Ordinary thick-film resistors can display varying qualities depending on how the manufacturer elected to trim the device.
It pays to know what to look out for.
Kory Schroeder, Stackpole Electronics Inc.
Surface-mount thick-film chip resistors are the predominant type of resistor in electronic circuits today. This technology is inexpensive; thick-film resistors are produced by screen-printing a special paste (a mixture of glass and metal oxides) on to a ceramic substrate. Depending on the size of the chip, hundreds or thousands of parts may be processed simultaneously. The screen printing process generally yields resistors within 5% to 20% of the required value, so manufacturers calibration-trim the resistors by laser to get the right value without slowing resistor production.
There are different laser trim designs and shapes which present different manufacturing challenges and that yield different strengths and weaknesses.
The process of laser trimming thick-film resistors involves pulsing a round laser beam into the cured thick-film material. The laser light vaporizes the material under and around the beam. Removal of resistor material slightly raises the resistance value. Subsequent pulses remove more material and further raise the value of the resistance.
The simplest and most obvious trim shape is the single plunge or straight cut. Of all the trim shapes it can be made the fastest but is also less precise than some other trim designs. The single-plunge trim is challenging for high precision because the further the cut into the element, the greater the effect. This trim type isn’t practical if the initial element value is far below the desired value because it will be difficult to adjust the resistance value without overshoot. However, a single-plunge trim is economical when the initial resistance is close to the final resistance value—trimming doesn’t take long and it is relatively easy to control the resistance value. But the trim speed for single-plunge trim tends to be somewhat slower than for other types though overall trim time is less.
Pulse-handling resistors should have little if any trimming. Current crowding effects—peaks in the current density–arise in the area around the trim, and that is the failure point for thick-film resistors under pulse conditions. So pulse-handling resistors are generally printed to close to their desired resistance. The single plunge is a effective trim shape for these types of resistors, but it is often too imprecise for general purpose and commodity chip resistors.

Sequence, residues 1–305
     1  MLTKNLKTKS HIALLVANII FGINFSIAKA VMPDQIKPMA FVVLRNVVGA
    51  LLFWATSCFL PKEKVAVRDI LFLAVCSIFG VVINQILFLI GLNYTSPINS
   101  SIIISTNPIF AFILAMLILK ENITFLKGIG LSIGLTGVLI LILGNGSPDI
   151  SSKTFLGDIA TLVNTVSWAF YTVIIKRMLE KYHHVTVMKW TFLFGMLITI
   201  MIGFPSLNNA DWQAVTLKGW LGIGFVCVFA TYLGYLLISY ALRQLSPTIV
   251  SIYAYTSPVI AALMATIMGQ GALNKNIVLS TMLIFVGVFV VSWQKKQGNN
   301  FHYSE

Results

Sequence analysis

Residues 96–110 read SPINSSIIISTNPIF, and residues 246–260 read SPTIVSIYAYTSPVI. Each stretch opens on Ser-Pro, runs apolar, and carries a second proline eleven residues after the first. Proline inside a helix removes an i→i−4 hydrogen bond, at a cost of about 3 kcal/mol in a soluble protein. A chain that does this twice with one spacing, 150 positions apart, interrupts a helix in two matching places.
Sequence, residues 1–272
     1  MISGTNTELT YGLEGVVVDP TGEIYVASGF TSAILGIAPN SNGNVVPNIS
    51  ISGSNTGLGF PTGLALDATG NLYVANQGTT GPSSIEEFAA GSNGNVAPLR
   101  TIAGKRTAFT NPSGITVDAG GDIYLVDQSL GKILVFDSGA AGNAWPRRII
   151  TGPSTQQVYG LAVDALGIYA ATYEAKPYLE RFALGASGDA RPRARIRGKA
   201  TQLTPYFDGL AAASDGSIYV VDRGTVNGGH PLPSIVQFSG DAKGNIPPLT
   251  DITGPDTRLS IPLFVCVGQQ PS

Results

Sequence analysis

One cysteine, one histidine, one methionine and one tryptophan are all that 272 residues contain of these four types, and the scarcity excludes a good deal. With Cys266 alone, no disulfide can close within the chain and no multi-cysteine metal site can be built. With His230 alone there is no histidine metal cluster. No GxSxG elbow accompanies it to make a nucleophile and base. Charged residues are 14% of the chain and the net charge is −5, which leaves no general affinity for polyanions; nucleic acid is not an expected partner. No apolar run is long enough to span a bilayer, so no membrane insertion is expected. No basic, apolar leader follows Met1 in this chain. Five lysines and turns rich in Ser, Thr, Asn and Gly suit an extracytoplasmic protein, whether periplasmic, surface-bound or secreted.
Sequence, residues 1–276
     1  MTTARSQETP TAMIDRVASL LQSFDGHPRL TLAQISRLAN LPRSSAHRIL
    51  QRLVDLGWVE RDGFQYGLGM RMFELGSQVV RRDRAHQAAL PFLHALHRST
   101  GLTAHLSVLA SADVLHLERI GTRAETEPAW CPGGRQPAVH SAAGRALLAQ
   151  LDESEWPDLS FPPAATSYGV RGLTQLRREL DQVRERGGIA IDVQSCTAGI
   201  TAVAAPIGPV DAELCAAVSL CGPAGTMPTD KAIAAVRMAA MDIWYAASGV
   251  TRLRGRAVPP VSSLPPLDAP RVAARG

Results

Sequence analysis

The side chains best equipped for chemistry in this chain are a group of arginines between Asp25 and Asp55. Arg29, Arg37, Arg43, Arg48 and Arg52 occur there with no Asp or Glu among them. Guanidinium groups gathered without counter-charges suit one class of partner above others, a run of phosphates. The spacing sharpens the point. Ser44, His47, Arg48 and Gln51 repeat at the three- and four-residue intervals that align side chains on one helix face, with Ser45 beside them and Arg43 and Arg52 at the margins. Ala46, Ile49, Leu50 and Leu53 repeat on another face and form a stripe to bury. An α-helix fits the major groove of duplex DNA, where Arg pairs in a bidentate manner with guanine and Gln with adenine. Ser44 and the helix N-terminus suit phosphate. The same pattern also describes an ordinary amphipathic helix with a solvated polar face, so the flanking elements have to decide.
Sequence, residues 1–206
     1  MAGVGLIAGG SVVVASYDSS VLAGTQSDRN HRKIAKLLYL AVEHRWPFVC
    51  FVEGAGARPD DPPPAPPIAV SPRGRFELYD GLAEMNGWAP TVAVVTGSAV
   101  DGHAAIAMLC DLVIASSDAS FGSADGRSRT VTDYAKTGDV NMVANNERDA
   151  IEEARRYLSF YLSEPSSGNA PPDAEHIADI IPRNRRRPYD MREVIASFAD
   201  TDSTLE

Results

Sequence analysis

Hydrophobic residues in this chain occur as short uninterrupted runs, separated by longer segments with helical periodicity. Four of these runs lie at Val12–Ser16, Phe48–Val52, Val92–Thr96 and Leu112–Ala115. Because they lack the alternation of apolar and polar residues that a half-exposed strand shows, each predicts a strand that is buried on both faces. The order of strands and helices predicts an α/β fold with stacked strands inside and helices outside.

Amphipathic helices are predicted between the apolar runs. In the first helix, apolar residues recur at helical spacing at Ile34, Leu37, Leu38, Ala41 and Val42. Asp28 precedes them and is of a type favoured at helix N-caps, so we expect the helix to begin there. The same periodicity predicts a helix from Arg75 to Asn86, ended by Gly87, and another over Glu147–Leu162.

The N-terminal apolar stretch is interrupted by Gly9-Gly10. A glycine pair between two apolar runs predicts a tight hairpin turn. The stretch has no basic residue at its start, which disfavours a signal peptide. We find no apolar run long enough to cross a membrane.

The double-plunge cut provides much more precision than single-plunge cuts. The first cut brings the resistance value close to the desired final value. The second cut is in an area with less current flow, so it changes the resistance much less, allowing for precise resistance control. The second trim length is kept between 50% to 80% of the length of the first cut to ensure stable electrical performance and continuous power handling. The precision for this trim shape depends only on the second cut, so the machine trim speed can be faster than for the single plunge. Many thick-film resistors are trimmed in this manner, especially those with smaller elements.
L trim is another common trim shape. This shape can yield a precision resistance while also providing a greater range of resistance value adjustment. The initial trim into the part stops when the resistance value begins to change rapidly. Then the laser changes direction and proceeds toward the opposite termination.
The second part of the trim allows for precision control because the current crowding arises only along the first part of the trim, so the second part causes much less change in resistance. L trimming can usually take place at the same speed as a double-plunge trim. The L trim is generally regarded as a more stable trim than single or double plunge but requires a somewhat larger resistor area for effective value calibration. Most thick-film resistors currently on the market will have either a plunge or L cut trim.